“Is it Okay to Wear Your Wedding Ring on the Right Hand?”
This is 100% a personal decision and what you feel the most comfortable with.
Traditionally, couples will choose to wear their rings on their left ring-finger. The tradition dates back to Roman times with the spot be chosen because there’s a vein that runs from your left ring-finger all the way to your heart. And that romantic idea (whether it’s scientifically proven or not), still holds strong today. But is that the only place you can wear your wedding ring? It sure isn’t.
Presently, it’s becoming more and more popular for gay and lesbian couples to exchange their rings and wear them on their right ring fingers. Within the community, the wearing of a ring on the right-hand is an instant marker that someone is in a monogamous relationship.
Other Expert Answers
The Jewellery Editor
“If anyone was under the impression that checking for a wedding ring on the left hand was a sure-fire way of determining someone’s marital status, think again. The tradition of wearing engagement rings and wedding bands on the left ring finger is not the same all over the world.
In many countries, such as Germany, Austria, Norway, Denmark, Greece, Russia, Spain, Colombia and Poland, it is customary to wear wedding bands on the right hand. In Brazil, Turkey, Lebanon and Syria women wear their engagement ring on the right hand until the wedding when it is switched to the left. The German tradition is the reverse of this, with the engagement ring migrating from the left hand to the right after a couple ties the knot.
There are numerous variations across the globe. In China, for example, the bride wears the wedding ring on the right hand, the so-called ‘working hand’, to signify that she is in charge of the household, while the groom wears his on the left hand.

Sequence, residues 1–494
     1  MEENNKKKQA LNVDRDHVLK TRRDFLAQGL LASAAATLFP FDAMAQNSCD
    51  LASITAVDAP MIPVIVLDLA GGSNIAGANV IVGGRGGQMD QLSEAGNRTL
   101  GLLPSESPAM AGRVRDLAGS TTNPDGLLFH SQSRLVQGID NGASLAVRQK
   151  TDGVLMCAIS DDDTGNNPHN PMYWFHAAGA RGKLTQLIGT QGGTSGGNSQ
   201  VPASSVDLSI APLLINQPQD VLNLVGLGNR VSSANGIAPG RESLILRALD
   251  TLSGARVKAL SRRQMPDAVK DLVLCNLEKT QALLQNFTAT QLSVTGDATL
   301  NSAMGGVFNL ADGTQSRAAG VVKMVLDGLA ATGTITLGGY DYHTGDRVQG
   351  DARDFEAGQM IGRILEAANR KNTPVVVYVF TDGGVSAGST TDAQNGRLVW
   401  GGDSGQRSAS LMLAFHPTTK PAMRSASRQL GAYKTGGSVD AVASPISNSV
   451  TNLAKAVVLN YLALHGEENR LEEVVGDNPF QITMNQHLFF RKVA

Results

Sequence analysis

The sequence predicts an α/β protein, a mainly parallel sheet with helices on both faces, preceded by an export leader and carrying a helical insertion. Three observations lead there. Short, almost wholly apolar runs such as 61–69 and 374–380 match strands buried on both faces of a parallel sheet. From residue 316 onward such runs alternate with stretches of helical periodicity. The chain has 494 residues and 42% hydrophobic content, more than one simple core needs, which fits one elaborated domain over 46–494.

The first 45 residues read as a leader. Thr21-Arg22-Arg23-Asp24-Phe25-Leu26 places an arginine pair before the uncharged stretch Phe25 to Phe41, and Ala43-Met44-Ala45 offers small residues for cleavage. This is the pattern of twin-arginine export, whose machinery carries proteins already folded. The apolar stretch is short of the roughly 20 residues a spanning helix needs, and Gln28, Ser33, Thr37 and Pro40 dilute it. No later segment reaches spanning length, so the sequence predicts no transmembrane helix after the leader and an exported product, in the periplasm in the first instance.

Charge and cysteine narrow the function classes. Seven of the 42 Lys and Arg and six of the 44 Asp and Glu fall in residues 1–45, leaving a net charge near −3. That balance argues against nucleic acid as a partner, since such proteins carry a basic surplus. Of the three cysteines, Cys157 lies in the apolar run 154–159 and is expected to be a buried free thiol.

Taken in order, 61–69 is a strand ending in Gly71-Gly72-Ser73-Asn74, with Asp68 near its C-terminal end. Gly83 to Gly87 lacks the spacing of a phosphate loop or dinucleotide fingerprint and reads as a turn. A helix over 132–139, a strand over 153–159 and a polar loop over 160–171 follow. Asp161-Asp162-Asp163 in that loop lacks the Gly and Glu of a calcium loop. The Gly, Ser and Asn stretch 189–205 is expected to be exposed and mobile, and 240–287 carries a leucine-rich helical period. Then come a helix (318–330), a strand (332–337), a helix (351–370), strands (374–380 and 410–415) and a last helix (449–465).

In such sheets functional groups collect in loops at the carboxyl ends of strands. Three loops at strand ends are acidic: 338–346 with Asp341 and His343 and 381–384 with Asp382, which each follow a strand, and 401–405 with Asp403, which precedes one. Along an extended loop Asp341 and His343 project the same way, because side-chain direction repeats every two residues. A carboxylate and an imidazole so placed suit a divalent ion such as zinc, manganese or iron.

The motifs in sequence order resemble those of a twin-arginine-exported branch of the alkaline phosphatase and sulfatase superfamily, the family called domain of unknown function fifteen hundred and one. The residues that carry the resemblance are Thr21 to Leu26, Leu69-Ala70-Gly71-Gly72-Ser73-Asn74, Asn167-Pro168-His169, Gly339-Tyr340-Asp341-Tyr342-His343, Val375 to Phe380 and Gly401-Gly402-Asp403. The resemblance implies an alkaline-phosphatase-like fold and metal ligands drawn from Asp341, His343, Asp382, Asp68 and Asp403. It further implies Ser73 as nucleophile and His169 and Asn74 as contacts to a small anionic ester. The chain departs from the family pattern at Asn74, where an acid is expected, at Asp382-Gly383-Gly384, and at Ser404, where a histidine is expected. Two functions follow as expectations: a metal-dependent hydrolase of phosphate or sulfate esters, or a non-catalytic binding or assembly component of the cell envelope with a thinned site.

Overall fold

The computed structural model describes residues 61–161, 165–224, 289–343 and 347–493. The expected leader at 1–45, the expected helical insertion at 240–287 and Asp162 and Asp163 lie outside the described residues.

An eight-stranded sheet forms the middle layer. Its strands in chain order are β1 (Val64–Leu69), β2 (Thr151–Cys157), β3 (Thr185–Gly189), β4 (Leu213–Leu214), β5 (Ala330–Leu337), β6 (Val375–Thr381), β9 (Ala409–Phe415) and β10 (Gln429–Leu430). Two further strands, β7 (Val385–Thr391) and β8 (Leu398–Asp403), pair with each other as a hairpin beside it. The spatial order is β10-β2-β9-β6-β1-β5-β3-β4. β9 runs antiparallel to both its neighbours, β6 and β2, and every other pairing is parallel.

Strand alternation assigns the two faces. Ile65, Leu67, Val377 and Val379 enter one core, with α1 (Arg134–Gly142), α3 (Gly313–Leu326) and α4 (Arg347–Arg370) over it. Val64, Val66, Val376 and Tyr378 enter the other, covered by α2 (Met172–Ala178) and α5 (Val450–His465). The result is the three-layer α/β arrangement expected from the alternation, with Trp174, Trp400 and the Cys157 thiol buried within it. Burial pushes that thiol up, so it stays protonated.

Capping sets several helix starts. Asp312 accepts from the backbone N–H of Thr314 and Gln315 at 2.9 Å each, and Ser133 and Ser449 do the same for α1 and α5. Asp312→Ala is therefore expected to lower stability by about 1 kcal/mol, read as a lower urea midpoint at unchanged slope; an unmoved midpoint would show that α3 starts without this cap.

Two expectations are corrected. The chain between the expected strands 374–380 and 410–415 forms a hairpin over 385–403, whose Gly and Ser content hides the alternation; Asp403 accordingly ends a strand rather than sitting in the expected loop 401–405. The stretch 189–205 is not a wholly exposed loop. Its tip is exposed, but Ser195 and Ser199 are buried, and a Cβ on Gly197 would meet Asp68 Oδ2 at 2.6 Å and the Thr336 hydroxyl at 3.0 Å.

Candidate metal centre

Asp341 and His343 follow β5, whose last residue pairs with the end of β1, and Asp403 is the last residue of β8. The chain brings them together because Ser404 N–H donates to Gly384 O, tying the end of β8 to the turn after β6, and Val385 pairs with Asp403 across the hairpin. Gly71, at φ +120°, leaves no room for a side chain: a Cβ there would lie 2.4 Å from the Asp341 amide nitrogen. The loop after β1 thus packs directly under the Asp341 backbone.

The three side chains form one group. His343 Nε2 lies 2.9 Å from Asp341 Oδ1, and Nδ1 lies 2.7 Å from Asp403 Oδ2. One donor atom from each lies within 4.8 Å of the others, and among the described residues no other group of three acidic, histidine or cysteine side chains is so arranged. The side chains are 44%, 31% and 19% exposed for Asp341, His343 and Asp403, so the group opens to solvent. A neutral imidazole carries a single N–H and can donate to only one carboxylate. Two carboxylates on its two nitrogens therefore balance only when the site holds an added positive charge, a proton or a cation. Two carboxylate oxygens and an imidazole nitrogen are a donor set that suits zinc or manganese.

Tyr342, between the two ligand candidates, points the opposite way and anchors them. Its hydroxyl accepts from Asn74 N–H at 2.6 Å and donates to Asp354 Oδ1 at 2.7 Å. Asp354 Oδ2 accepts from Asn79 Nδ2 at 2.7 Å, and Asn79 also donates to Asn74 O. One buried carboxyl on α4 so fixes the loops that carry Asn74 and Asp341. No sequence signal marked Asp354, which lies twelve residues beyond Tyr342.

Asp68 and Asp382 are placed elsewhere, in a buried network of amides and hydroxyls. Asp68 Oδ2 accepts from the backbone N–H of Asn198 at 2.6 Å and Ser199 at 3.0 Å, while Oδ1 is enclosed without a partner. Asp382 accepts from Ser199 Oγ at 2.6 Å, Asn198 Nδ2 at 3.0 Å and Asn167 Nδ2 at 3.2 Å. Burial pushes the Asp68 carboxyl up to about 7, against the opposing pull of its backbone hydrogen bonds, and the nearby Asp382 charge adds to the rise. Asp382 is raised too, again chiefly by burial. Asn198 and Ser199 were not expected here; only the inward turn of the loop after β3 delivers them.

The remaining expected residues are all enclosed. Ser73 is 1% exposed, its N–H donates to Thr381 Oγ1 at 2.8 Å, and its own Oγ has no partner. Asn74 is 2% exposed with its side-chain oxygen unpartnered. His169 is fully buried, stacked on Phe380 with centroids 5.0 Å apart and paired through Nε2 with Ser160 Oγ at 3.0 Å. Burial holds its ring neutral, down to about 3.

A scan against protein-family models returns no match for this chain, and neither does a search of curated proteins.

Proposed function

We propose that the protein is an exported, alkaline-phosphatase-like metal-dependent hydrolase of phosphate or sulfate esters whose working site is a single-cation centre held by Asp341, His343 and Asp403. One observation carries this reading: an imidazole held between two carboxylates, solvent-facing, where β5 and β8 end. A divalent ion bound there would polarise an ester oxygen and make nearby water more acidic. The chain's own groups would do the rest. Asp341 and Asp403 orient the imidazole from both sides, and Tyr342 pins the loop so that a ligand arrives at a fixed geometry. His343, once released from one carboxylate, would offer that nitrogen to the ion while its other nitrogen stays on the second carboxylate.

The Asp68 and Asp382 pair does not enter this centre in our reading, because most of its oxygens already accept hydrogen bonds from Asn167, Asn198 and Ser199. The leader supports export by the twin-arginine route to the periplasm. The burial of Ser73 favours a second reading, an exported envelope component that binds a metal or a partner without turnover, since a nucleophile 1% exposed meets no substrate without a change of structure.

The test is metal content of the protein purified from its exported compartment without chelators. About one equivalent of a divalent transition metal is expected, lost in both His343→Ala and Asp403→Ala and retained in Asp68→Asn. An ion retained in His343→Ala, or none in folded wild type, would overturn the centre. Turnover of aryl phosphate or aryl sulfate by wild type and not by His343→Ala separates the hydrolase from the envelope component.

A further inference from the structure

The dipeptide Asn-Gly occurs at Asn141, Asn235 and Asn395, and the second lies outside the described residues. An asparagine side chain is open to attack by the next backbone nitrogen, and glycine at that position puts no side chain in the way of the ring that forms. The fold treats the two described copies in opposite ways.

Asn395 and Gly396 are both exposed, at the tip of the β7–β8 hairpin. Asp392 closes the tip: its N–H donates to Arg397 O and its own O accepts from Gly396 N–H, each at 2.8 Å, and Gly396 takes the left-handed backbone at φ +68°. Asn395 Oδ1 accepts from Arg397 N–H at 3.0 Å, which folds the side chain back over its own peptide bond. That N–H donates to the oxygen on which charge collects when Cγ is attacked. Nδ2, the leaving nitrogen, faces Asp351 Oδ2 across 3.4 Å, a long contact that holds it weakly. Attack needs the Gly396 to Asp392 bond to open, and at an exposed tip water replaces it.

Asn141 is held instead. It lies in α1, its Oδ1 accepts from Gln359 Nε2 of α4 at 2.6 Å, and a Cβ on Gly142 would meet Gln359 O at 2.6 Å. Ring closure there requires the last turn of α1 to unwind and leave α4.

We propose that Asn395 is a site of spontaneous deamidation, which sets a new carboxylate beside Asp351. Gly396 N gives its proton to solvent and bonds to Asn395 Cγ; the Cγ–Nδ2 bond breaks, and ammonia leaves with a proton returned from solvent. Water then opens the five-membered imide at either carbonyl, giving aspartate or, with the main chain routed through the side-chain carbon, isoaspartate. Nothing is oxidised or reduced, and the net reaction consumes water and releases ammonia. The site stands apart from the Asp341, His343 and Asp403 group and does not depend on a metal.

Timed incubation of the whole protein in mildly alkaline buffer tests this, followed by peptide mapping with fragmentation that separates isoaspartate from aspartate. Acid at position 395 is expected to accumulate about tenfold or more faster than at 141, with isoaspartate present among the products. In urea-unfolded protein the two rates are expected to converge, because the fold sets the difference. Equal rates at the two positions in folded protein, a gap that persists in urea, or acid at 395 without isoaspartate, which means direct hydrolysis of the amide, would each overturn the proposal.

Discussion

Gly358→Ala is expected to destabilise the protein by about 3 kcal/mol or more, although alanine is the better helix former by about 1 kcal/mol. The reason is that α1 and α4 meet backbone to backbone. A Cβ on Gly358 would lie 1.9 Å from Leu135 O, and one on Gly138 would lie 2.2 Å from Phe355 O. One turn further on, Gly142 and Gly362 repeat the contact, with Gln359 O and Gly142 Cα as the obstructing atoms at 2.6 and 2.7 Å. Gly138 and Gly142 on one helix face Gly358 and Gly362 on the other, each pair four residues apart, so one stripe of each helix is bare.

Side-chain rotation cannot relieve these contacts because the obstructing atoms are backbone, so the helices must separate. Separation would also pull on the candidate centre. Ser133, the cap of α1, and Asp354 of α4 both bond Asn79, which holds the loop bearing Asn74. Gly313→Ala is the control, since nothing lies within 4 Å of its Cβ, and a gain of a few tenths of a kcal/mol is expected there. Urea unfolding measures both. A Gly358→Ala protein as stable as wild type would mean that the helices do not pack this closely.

These days the decision is often dictated by personal choice and preference as much as by tradition. For example, if a bride is right handed, she may prefer to wear the engagement ring on her left hand so it doesn’t get in the way of daily life.” – The Jewellery Editor
“Maybe she landed a long-time-coming promotion, bought her first home or graduated from a master’s program. Whatever the reason, more and more women are celebrating their biggest special moments by adorning their right ring fingers — that is, not their wedding ring finger — with a little special sparkle.
That right-hand ring might look a lot like an engagement diamond. But don’t misunderstand: This isn’t an “alternative” to an engagement ring, nor is it meant to put down women who have chosen marriage. According to legend (and some news reports) over the years, women buy them for themselves as personal declarations of independence and a celebration of single life. The right-hand ring is simply just a celebration of you.” – House Beautiful
“Although many people seek out engagement and wedding ring sets —or buy an engagement ring that has his-and-her wedding band counterparts—it’s not the norm. Your fiance may buy an engagement ring that catches his eye or present you with a family heirloom ring that may or may not resemble the wedding bands you end up buying. It’s perfectly acceptable to wear your engagement ring on your right hand (you may have to get it resized), or not at all!
Some women, especially those with active lifestyles, find that the traditional prong-set solitaire can wreak havoc in their everyday lives, catching on clothes and getting scuffed. To avoid losing or damaging their ring, they opt to wear only the wedding band every day, saving the engagement ring for special occasions. When and how you wear your heirloom ring is entirely up to you.” – The Knot